Voluntary/Enhanced Benefits

Voluntary / Enhanced Benefits


What Are Enhanced / Voluntary Benefits?

According to the Society for Human Resources Management, “Voluntary benefits are products—such as life, disability, critical-illness and accident insurance, as well as pet coverage, ID theft protection, legal services and financial counseling—offered through an employer but paid for partially or solely by workers through payroll deferral. The attraction of these benefits is that they can offer individual employees group rates that they would likely be unable to obtain on their own.” In essence, when your business offers voluntary benefits, you are giving your employees a menu of additional things they might want, at a better price than they could get on their own. Some businesses opt to provide a subsidy or a dollar match to their employees, but the plans are generally affordable even if the employee pays the full premium.


What Can Voluntary Benefits Do For My Business?

Voluntary benefits can provide a number of competitive advantages to businesses. Improved employee attraction and retention, Increased employee wellness, and even increased productivity and performance can all be linked to voluntary programs.


What Kinds of Employees Will Utilize Voluntary Benefits?

One of the biggest attractions for many businesses is that voluntary benefits are not regulated as heavily as traditional medical benefits. As a result, businesses can offer benefits to part-time, or even non-traditional employees (such as 1099 contractors) without creating any additional compliance burdens. Because of the flexibility of voluntary programs, they are popular in a wide range of sectors including Construction, Education, Government, Retail, and Tech.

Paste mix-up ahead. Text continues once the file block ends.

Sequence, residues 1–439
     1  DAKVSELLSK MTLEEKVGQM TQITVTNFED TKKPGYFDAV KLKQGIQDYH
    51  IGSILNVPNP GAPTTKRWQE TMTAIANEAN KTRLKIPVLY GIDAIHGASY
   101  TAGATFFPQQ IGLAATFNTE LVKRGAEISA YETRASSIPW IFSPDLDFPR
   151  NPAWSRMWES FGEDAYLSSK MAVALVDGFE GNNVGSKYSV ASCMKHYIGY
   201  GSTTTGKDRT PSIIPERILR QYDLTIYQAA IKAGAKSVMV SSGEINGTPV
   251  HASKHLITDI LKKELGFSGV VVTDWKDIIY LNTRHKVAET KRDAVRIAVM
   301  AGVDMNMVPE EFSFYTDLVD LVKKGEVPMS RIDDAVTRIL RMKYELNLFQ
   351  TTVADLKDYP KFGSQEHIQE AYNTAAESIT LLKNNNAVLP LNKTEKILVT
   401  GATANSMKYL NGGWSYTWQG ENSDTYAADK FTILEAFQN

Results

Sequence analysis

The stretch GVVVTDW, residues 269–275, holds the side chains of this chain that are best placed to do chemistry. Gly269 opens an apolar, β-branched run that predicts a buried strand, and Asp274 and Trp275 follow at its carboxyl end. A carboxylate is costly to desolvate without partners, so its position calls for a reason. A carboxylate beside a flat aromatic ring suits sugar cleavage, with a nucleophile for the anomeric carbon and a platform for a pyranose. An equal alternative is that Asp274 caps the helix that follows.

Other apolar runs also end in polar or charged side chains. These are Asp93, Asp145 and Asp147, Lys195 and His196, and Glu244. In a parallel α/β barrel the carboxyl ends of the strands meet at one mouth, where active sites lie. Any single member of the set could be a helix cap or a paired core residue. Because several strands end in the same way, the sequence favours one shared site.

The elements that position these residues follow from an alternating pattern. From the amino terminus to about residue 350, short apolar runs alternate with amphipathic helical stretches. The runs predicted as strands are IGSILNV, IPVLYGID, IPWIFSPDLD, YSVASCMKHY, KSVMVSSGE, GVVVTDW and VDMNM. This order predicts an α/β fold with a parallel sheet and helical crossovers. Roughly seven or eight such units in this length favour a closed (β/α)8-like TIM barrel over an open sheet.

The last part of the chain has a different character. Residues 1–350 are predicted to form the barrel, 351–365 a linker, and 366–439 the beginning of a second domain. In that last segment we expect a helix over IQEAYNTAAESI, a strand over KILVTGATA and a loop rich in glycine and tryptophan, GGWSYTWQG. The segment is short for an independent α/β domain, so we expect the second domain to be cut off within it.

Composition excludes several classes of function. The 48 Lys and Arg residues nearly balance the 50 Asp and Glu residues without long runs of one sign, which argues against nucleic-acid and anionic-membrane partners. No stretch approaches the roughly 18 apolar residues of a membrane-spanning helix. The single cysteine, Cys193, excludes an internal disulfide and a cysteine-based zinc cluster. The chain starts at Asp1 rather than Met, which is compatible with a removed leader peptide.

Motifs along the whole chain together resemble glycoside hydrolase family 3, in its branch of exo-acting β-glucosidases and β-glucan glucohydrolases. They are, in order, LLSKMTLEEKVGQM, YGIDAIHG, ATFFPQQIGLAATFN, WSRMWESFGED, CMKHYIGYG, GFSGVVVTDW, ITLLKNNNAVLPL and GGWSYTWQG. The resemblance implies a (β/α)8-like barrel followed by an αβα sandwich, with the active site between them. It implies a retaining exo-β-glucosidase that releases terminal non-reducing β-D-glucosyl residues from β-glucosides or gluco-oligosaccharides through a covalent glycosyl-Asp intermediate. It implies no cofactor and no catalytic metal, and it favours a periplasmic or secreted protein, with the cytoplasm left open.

What Sizes of Businesses Can Offer Voluntary Benefits?

Another key difference between voluntary benefits and traditional medical benefits, is that voluntary can be offered in much smaller groups. While larger enterprises might offer just a few voluntary products to compliment their existing benefit packages, many small, family-owned businesses rely on voluntary products to fill the gaps when traditional benefits are cost-prohibitive based on their size. Voluntary benefits can be found on offer at companies in the Seattle area as large as Microsoft and Boeing, and as small as a family-owned corner store.


What Will It Cost Me To Offer Voluntary Benefits?

Unlike traditional medical benefits, voluntary benefits can be offered as a payroll deduction with no employer contribution. This means that aside from minimal administrative overhead voluntary benefits don’t have to cost your business anything. But just because they don’t have to doesn’t mean they shouldn’t. If you have the budget for it, offering a small contribution towards your employees’ voluntary benefits packages can pay off in big ways. Employers who contribute to their employees’ voluntary benefits tend to, unsurprisingly, see higher participation levels. When more of your employees take advantage of your voluntary program, the effect on employee wellness, retention, and productivity increases as well.